A white elephant is a possession which its owner cannot dispose of and whose cost, particularly that of maintenance, is out of proportion to its usefulness. In modern usage, it is an object, building project, scheme, business venture, facility, etc., considered expensive but without use or value.
The term derives from the sacred white elephants kept by Southeast Asian monarchs in Burma, Thailand, Laos and Cambodia. To possess a white elephant was regarded (and is still regarded in Thailand and Burma) as a sign that the monarch reigned with justice and power, and that the kingdom was blessed with peace and prosperity. The opulence expected of anyone that owned a beast of such stature was great. Monarchs often exemplified their possession of white elephants in their formal titles (e.g., Hsinbyushin, lit. "Lord of the White Elephant" and the third monarch of the Konbaung dynasty). Because the animals were considered sacred and laws protected them from labor, receiving a gift of a white elephant from a monarch was simultaneously a blessing and a curse. It was a blessing because the animal was sacred and a sign of the monarch's favour, and a curse because the recipient now had an expensive-to-maintain animal he could not give away and could not put to much practical use.
In the West, the term "white elephant" relating to an expensive burden that fails to meet expectations, was first used in the 1600s and became widespread in the 1800s. According to one source it was popularized following P. T. Barnum's experience with an elephant named Toung Taloung that he billed as the "Sacred White Elephant of Burma". After much effort and great expense, Barnum finally acquired the animal from the King of Siam only to discover that his "white elephant" was actually dirty grey in color with a few pink spots.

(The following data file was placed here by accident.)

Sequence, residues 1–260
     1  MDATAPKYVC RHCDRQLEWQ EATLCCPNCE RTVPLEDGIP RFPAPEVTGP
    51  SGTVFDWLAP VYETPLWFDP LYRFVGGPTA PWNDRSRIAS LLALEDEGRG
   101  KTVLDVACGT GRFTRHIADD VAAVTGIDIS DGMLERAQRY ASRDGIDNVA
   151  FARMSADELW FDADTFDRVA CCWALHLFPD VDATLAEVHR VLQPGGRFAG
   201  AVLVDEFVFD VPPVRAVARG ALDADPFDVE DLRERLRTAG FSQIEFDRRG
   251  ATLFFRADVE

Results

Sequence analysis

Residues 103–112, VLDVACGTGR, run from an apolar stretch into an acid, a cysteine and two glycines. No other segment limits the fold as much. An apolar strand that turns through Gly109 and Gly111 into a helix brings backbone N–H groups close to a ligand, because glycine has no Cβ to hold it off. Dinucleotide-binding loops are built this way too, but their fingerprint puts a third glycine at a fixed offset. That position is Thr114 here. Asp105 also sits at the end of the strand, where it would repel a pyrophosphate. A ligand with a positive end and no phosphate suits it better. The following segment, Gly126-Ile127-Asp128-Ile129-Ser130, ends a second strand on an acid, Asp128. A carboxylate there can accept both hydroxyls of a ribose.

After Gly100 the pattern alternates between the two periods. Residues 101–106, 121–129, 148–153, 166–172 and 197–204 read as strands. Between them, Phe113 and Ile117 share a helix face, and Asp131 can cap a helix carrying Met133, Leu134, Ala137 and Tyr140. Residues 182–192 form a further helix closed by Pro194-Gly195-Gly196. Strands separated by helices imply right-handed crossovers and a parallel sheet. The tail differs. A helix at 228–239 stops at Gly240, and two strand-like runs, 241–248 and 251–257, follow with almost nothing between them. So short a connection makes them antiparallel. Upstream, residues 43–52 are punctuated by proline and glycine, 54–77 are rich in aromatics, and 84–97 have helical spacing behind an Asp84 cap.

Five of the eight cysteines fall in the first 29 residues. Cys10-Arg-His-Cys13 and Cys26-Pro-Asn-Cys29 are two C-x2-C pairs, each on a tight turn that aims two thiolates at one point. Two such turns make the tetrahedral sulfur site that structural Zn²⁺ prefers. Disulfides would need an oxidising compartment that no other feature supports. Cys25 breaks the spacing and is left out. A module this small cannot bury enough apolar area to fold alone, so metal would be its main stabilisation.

The expressions "white elephant" and "gift of a white elephant" came into common use in the middle of the nineteenth century. The phrase was attached to "white elephant swaps" and "white elephant sales" in the early twentieth century. Many church bazaars held “white elephant sales” where donors could unload unwanted bric-à-brac, generating profit from the phenomenon that "one man’s trash is another man’s treasure" and the term has continued to be used in this context.
In modern British English, the term now often refers in addition to an extremely expensive building project that fails to deliver on its function or becomes very costly to maintain. Examples include prestigious but uneconomic infrastructure projects such as airports, dams, bridges, shopping malls and football stadia built for the FIFA World Cup. The term has also been applied to outdated or underperforming military projects like the U.S. Navy's Alaska-class cruiser. In Austria, the term "white elephant" means workers who have little or no use, but are not terminable.[better source needed]. In Italian, state-funded, costly projects with small usefulness are called cattedrali nel deserto ("cathedrals in the desert").
- White elephant gift exchange
- Bridge to nowhere
- Escalation of commitment (sunk cost fallacy)
- Pork barrel
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- Brown, Peter Jensen. "Two-and-a-Half More Idioms – "White Elephants" and Yankee Swaps". Early Sports 'n' Pop-Culture History Blog. Retrieved 3 July 2014.
- Roberta Jeeves, White Elephant Rules
- BBC news
- The Guardian
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- Guardian Online – Guardian Article regarding Stadio delle Alpi March 2006
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- Morison, Samuel Loring; Morison, Samuel Eliot; Polmar, Norman (2005). Illustrated Directory of Warships of the World: From 1860 to the Present. ABC-CLIO. p. 85. ISBN 1-85109-857-7.
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- de:Weißer Elefant#Redewendung
- Jeffrey A. McNeely; Paul Spencer Sochaczewski (1995). "Chapter 9: Ganesh the Potbellied Elephant God". Soul of the Tiger: Searching for Nature's Answers in Southeast Asia (Reprint ed.). Honolulu: University of Hawaii Press. pp. 91–112. ISBN 9780824816698. OCLC 299810414. Contains a chapter on the white elephant in Southeast Asia.
- Paul Spencer Sochaczewski (2008). The Sultan and the Mermaid Queen: Surprising Asian People, Places, and Things That Go Bump in the Night. Singapore: Editions Didier Millet. pp. 69–164. ISBN 9789814217743. OCLC 259252939. Contains a long chapter on how Burmese generals tried to use the white elephant to consolidate power, also looks at the cosmological origins of the animal.
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